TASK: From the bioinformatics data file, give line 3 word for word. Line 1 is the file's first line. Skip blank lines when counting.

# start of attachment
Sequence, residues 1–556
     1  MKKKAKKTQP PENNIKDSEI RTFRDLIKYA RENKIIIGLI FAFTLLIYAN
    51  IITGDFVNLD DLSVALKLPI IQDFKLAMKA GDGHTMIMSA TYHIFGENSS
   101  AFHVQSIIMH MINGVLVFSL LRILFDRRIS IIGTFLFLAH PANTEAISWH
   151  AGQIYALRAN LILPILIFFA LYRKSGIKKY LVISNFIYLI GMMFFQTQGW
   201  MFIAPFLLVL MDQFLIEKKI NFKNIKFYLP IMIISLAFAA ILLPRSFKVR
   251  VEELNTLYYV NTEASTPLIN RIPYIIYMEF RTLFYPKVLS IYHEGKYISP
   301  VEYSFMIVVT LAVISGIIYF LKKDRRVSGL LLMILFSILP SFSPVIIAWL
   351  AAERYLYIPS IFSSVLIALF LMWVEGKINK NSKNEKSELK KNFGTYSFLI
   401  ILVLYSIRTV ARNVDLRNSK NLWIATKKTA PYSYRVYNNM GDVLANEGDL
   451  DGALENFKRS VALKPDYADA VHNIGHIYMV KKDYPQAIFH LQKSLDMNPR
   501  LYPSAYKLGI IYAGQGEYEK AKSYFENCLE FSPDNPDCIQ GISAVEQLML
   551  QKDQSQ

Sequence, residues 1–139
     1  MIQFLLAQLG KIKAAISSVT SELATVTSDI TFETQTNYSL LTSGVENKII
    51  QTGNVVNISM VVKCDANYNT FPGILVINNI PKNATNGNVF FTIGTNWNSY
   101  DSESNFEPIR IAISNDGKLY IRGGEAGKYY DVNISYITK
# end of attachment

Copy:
    51  IITGDFVNLD DLSVALKLPI IQDFKLAMKA GDGHTMIMSA TYHIFGENSS